Comic Fodder

Weekly DC Comics Review – Wonder Woman 37

Wonder Woman 37

by Gail Simone and Aaron Lopresti

I tend to cover a lot of the week's issues in one post, but every once in a while, a comic comes out that is so bad, it deserves study. This is a case study on how NOT to do a comic book.

The cover is yet again reminiscent of the old let's-tie-her-up-by-a-man kind of theme, but isn't actually part of the story, violating one of the basic duties of a cover. The first page shows Diana waking up, and they try to make it seem like there's more by splicing her sleeping form into three panels, but that's just a flimsy attempt to disguise the fact that they don't have much going on here. The next page, they go for titillation, showing just a hint of her areola in the mirrored reflection of Diana, which only raises the question of how Disco-corny is Diana to have a mirror like that in front of her bed? WTF? Are we at Green Arrow's house or something?

Ares is back, and apparently can't be bothered to use his magic powers to fix his face. He's had it sewn up with shoe leather and what-not, purely for an alleged grisly effect upon the reader. It's pure visual theater, and kind of silly. You think Zeus or Apollo would be caught dead (pun unintended) like that? Maybe he's supposed to take pride in his scars, but I wouldn't be so proud if Diana dropped me so easily in one hit like that. It's cheap.

There is still not much happening, for even as Ares talks, he contradicts himself. He wonders aloud if he is dreaming, and perhaps he is the one who killed Diana... just before he stands and admits what really happened. Thanks for wasting our time with those senseless panels that convey nothing. The god of war has turned into the god of bad Freudian interpretations. He then contradicts himself further, as he declares how much she will suffer. Only in the next page he declares that she serves him the best, since she is always in combat with something or other. Well, if she's his best servant, shouldn't he give her a bonus? Why does he want her to suffer?

Ready for more bad writing? Persephone shows up to say, "She has returned!" By "she," Persephone actually means the entire horde of Bana-Mighdall Amazons that Simone awkwardly shoe-horned into a terrible issue of the other title she writes, Secret Six. Persephone corrects Hippolyta with a "They" as if Hippolyta was the one who used the wrong pronoun in the first place instead of Persephone. Who would have thought the day would come when the Amazons have suffered so much, they don't even have a good grasp of basic grammar anymore?

The contradictions continue as what's-her-name (the forgettable bald woman that they never bother to tell me her name so far, so why should I bother to pick up an older issue and look it up?), claims insult to the idea that Diana left three gorillas behind to defend Hippolyta. See, that honor is hers alone. So of course, the next thing she does is order that Hippolyta (the woman she claims to want the honor of defending) is to be bound and marked. Can't wait to see what she does to people she doesn't have the honor of protecting...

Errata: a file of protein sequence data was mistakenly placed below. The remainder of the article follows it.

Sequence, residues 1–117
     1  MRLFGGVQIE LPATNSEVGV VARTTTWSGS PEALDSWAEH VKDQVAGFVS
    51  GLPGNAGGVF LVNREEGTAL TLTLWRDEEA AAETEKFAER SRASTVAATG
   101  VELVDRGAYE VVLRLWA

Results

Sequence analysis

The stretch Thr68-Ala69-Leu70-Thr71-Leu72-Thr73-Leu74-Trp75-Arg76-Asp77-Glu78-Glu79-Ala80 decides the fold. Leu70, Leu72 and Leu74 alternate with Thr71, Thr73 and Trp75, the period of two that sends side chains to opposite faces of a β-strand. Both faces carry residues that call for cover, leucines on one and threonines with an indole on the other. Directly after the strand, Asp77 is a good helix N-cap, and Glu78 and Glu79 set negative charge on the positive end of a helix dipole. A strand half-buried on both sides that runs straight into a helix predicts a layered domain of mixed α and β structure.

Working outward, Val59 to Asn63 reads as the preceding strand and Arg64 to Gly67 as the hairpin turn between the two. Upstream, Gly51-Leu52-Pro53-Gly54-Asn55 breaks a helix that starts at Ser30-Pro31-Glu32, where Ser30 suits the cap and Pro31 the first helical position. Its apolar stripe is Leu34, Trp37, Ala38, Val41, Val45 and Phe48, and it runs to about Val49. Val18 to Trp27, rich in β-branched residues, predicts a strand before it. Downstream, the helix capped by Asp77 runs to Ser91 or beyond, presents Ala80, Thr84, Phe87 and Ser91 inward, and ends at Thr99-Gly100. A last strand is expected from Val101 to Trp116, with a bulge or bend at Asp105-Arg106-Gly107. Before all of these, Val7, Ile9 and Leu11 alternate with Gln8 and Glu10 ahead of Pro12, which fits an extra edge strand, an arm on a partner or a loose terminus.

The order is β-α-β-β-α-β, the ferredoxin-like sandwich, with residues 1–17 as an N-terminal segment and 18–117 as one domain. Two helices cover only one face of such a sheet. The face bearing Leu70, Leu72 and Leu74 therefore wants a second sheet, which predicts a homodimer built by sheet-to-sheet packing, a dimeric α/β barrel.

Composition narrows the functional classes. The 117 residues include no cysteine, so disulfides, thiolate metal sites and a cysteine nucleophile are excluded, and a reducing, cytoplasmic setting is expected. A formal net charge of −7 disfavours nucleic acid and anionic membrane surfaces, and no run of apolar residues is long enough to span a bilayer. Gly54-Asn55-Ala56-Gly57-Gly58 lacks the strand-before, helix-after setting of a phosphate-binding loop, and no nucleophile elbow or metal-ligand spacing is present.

Wait, it gets worse. Diana puts on her costume and equipment in an awkward, out-of-order panel depiction that just screams to have the theme music from the Rambo movies playing, and isn't it so nice to know that her gorilla companions sleep the same way humans do, on a couch with a nice bed sheet to cover his body... which is already covered by the natural warm fur of a gorilla! And it's not patronizing at all, the way she pets his head as she goes by, someone intellectually advanced from the hidden gorilla city. I'm sure he would appreciate that if he were awake. Hey, at least she didn't show Diana feeding him a banana!

Diana goes to the island to take her mother away, and Donna Troy flies from out of nowhere to tackle her. Diana instantly knows (without any explanation how) of the effect that Genocide had on Donna, and that is why Donna is attacking her. No explanation as to how Achilles or the still-un-named bald woman managed to reach Donna and have her in position at the precise time that Diana would show up. It's all just the greatest, most wonderful coincidence, isn't it?

In the space of one page, Diana goes from thinking about how proud she is of Donna as a warrior, to chastising Donna for using the same tactic twice in a row. Well, which is it? Is Donna an awesome warrior? Or a mess-up amateur? Is this because Diana trained her poorly, or did she pick up her "bad habits" hanging out with the Titans? I can't remember any other comic that had so many contradictions going from one page to the next. It almost takes intent to craft a story as contradictory as this one has been, and it's not even over yet!

Somehow, again unexplained, Diana realizes that the presence of her magic lasso near Donna is what is causing Donna's aggression. Diana tosses her lasso in the ocean, and Donna immediately, magically, recovers and acts like a normal person. Finally, Hippolyta tells me on the second-to-last panel that the bald lady is Alkyone, and she married Achilles, who is walking around like a whipped puppy already, taking her orders. Way to proceed with that new storyline. You know, the one where Zeus decided the male warriors should be in charge now? That lasted for what, one issue?

Ug. This issue puts the Ug in Ugly.

Tpull is Travis Pullen. He started reading comics at 5 years old, and he can't seem to stop.